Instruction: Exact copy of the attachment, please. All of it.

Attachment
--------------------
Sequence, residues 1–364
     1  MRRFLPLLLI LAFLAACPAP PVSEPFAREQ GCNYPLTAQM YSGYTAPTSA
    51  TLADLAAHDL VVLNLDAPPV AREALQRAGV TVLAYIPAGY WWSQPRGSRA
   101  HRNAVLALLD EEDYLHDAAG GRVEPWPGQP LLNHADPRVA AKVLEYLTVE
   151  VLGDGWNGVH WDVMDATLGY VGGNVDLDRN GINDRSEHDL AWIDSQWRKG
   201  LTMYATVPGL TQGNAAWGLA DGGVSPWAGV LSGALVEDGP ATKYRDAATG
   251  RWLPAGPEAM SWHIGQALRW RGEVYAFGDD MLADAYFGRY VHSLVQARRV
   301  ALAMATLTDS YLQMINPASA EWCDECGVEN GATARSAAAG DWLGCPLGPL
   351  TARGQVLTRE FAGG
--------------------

Sequence, residues 1–364
     1  MRRFLPLLLI LAFLAACPAP PVSEPFAREQ GCNYPLTAQM YSGYTAPTSA
    51  TLADLAAHDL VVLNLDAPPV AREALQRAGV TVLAYIPAGY WWSQPRGSRA
   101  HRNAVLALLD EEDYLHDAAG GRVEPWPGQP LLNHADPRVA AKVLEYLTVE
   151  VLGDGWNGVH WDVMDATLGY VGGNVDLDRN GINDRSEHDL AWIDSQWRKG
   201  LTMYATVPGL TQGNAAWGLA DGGVSPWAGV LSGALVEDGP ATKYRDAATG
   251  RWLPAGPEAM SWHIGQALRW RGEVYAFGDD MLADAYFGRY VHSLVQARRV
   301  ALAMATLTDS YLQMINPASA EWCDECGVEN GATARSAAAG DWLGCPLGPL
   351  TARGQVLTRE FAGG